The Supreme Court has agreed to hear a pair of cases contesting the Affordable Care Act's contraception rule. Religious groups are already exempt, but for-profit corporations are not. The companies behind the two cases say they should not have to provide health insurance that covers certain types of birth control that they consider to be a form of abortion. John Berman takes a look at both sides of this issue with legal analysts Jeffrey Toobin and Sunny Hostin and Jay Sekulow, chief counsel at the American Center of Law and Justice.
Supreme Court Justice Scalia gave a wide-ranging interview to New York Magazine. He says the devil is real, he caught one episode of "Duck Dynasty," he finds the State of the Union address childish. He also doesn't know why anyone would want to be "friended" on the Internet, and he thinks he has some gay friends, but doesn't know for sure. Anderson talked it over with the panel.
(CNN) - California resident Jean Podrasky, first cousin of Chief Justice John Roberts, tells Anderson Cooper that she’s disappointed by the chief justice’s dissent on the DOMA ruling, but is thrilled that his majority opinion in the Proposition 8 case will allow her and her partner, Grace Fasano, to be married.
“I’m so overwhelmed. I’m so excited,” Podrasky said on AC360. “I have told everybody that I was expecting this but it’s still a shock. I’m so excited.”
California resident Jean Podrasky, first cousin of Chief Justice John Roberts, tells Anderson Cooper that she’s disappointed by the chief justice’s dissent on the DOMA ruling, but is thrilled that his majority opinion in the Proposition 8 case will allow her and her partner Grace Fasano to be married.
Editor’s Note: We’ll have more tonight at 8 and 11 p.m. ET on the Supreme Court’s rulings. Senior Legal Analyst Jeffrey Toobin will join Anderson, as will columnist Andrew Sullivan and Jean Podrasky, Chief Justice John Roberts' gay cousin will react to today's rulings along with her partner.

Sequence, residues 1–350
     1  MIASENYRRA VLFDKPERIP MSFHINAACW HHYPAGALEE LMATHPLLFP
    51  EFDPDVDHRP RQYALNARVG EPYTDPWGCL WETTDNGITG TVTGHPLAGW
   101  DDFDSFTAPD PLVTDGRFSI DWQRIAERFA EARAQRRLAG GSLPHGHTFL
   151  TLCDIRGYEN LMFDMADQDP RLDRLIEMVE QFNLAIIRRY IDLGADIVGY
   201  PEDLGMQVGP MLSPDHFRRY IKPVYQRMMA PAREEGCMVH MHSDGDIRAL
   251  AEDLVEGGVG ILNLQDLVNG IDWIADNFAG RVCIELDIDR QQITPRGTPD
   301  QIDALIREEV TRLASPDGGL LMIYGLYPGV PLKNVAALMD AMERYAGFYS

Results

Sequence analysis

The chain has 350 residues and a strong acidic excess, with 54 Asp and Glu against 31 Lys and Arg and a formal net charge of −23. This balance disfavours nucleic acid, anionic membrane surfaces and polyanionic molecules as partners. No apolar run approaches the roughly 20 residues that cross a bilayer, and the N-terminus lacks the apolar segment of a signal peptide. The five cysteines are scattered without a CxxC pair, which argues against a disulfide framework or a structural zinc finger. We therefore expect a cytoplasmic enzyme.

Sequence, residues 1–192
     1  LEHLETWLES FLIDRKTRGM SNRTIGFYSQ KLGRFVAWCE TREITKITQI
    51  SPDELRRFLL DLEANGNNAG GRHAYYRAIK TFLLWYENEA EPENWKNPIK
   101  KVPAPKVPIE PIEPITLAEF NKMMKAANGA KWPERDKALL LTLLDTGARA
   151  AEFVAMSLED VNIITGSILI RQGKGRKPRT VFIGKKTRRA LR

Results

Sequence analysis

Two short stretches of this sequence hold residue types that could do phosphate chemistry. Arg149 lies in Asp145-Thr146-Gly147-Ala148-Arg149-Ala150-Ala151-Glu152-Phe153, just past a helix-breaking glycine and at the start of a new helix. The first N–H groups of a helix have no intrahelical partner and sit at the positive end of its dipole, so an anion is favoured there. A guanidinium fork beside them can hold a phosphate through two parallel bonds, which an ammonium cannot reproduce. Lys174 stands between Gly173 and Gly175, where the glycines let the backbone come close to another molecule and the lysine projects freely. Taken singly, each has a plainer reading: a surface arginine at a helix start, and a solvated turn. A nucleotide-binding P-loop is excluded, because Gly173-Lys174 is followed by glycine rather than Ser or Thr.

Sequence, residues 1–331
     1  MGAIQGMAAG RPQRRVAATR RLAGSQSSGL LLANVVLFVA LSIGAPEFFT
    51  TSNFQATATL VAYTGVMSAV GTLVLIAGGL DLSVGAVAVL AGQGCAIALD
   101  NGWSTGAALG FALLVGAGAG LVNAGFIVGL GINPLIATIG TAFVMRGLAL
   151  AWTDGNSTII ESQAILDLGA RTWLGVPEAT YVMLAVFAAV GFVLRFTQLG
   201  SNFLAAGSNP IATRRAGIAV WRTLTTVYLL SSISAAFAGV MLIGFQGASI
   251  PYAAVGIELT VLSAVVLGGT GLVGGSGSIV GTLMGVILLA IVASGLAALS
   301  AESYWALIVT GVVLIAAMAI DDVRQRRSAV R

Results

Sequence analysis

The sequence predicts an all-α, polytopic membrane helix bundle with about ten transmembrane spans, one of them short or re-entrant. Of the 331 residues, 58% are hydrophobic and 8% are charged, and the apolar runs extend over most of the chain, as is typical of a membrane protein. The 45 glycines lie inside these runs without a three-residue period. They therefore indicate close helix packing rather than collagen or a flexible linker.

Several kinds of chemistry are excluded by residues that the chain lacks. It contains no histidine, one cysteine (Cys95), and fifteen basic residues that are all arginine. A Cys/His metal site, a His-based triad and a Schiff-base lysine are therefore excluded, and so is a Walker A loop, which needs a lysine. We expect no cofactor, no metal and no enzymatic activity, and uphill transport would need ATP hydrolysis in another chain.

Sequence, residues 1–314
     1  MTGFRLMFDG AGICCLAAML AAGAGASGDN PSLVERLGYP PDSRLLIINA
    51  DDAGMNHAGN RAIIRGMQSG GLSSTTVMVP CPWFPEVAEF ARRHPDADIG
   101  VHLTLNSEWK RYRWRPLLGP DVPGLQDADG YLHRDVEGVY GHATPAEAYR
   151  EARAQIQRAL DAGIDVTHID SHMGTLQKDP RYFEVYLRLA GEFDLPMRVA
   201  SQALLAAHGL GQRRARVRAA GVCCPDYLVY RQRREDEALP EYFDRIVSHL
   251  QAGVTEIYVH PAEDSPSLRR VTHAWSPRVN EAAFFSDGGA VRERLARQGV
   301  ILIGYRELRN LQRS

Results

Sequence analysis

Today, voting 5-4, the U.S. Supreme Court threw out part of the Defense of Marriage Act, a law that denied hundreds of federal benefits to same-sex couples. The high court said legally married same-sex couples must receive the same benefits provided to heterosexual couples. The act had defined marriage as only between a man and a woman, but the court said the law violated the rights of same-sex couples by demoting their marriages to second-class status when compared to their heterosexual peers.
In another landmark case, the justices, in a 5 to 4 decision, also handed a victory to same-sex proponents when it cleared the way for gay and lesbian couples to marry in California, dismissing an appeal to the state's voter-approved Proposition 8 that banned such marriages.
The Supreme Court sided on Tuesday with adoptive parents in a divisive custody fight over a Native American child after the biological father asserted his parental rights. The justices, by a 5-4 margin, said the adoption by a white couple was proper and did not intrude on the federal rights of the father, a registered member of the Cherokee tribe, over where his daughter, Veronica, 3, would live. The court said the father could not rely on the Indian Child Welfare Act for relief because he never had legal or physical custody at the time of adoption proceedings, which were initiated by the birth mother without his knowledge.
Here’s the AC360 411 on the U.S. Supreme Court: FULL POST
Matt and Melanie Capobianco spoke exclusively on AC360 about their reaction to the Supreme Court ruling in favor of Baby Veronica's adoption. The Supreme Court ruled 5-4 the adoption was proper and did not intrude on the federal rights of the father, a registered member of the Cherokee tribe.
Anderson Cooper goes beyond the headlines to tell stories from many points of view, so you can make up your own mind about the news. Tune in weeknights at 8 and 10 ET on CNN.
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